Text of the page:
Better chinook return won't be reflected in quotas

fishing: All 3 options result in fewer fish

March 12, 2011 

Recreational anglers fishing along the coast can expect lower catch quotas for chinook salmon this year even though the total number of fish expected to return is higher.

The Pacific Fishery Management Council on Wednesday opted for three ocean salmon-fishing options establishing a lower harvest range for chinook to protect weak salmon stocks, particularly those returning to the lower Columbia River.

The recreational fishing options are:

Option 1: 52,000 chinook and 79,800 coho

Option 2: 42,000 chinook and 67,200 coho

Option 3: 32,000 chinook and 54,600 coho

The council last year adopted recreational ocean fishing quotas of 61,000 chinook and 67,200 coho salmon.

The final decision will be made in April.

For more details on the options, go to blog.thenewstribune.com/adventure.

RIVERS

Columbia: Fishing is still on the slow side, but anglers are catching some spring chinook. Mike Chamberlain at Ted’s Sports Center said anglers are having luck with a chartreuse Fish Flash and plug-cut herring combination trolling downstream.

Lewis: Anglers are reporting catching some steelhead and a few springers. The steelhead are being caught in the East Fork.

Olympic Coast: All the rivers are fishable. The Sol Duc is very clear, so use bobber and jigs or plugs, said Mike Zavadlov of Mike Z’s Guide Service. The Hoh is in good shape. If the area gets some rain, he recommended fishing the upper river above U.S. 101.

Satsop: The river is low and clear, but fishing has been fair most of the time. Using a float and jig is the best setup right now.

Wynoochee: There is a mix of wild and hatchery fish throughout the river. The largest are being caught from the 7400 line down to the mouth, said Phil Stephens of Mystical Legends Guide Service. While the action isn’t red-hot, it has been decent, he added.

Yakima: The river should be OK this weekend after rising suddenly during the week. It’s still a nymphing game, with stonefly and skwala patterns, although some skwala dry flies are hooking trout, said a report from Red’s Fly Shop.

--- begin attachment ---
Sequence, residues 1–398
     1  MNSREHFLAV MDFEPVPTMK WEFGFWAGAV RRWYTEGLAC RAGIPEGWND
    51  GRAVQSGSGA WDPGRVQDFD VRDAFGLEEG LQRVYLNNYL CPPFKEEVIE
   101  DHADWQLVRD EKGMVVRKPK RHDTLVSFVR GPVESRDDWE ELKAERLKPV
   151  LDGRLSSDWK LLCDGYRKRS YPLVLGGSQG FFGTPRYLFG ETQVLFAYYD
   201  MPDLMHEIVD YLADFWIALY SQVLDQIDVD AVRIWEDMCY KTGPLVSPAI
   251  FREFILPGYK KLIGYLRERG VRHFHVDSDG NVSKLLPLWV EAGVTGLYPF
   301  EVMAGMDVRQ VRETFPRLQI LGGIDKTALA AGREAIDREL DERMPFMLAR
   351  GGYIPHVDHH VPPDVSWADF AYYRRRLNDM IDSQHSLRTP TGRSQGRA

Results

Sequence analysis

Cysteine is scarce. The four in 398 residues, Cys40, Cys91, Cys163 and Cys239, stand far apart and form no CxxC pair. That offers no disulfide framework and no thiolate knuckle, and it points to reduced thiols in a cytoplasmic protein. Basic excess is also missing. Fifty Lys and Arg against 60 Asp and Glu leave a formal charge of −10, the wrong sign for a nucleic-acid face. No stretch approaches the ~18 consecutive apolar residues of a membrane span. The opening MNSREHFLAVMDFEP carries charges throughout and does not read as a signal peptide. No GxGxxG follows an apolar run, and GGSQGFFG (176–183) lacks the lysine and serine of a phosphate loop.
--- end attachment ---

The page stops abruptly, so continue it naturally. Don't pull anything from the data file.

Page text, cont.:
SALT WATER

Fly-fishing: The action has been fair at best, said Anil Srivastava at Puget Sound Fly Co. Fishing early in the morning or on the tide changes, might produce some luck.

Hood Canal: Based on creel checks by the state at Misery Point, the north end has been producing some fair salmon catches.

North Sound: There are reports of some salmon weighing up to 20 pounds being caught in the Tide Point area. The action around Whidbey Island has been slow this week.

Tacoma: Wind has been a major problem for anglers much of the week. Tom Pollack of Sportco said he has heard of just a few anglers bringing in salmon. He said the wind has made it hard to find concentrations of bait fish.

LAKES

Cady: The action has picked up with the increase in temperature. Anglers are consistently catching trout on black, olive or wine-colored leeches.

Eastside: Burke and Quincy lakes in the Quincy Wildlife Area are producing catches of trout ranging from 10-21 inches for shore anglers. Martha Lake also has been fishing fairly well. Potholes Reservoir in Grant County has provided some good walleye fishing. Anglers blade-baiting in 20-30 feet of water are taking fish ranging from 16-24 inches. Water temperature is around 37 degrees.

Rufus Woods: Try using slip weights and PowerBait bounced along the bottom in 20-25 feet of water while drifting with the current. Shore anglers are catching a fair number of 2- to 3-pound fish at the net pens.

Jeffrey P. Mayor: 253-597-8640 jeff.mayor@thenewstribune.com blog.thenewstribune.com/adventure

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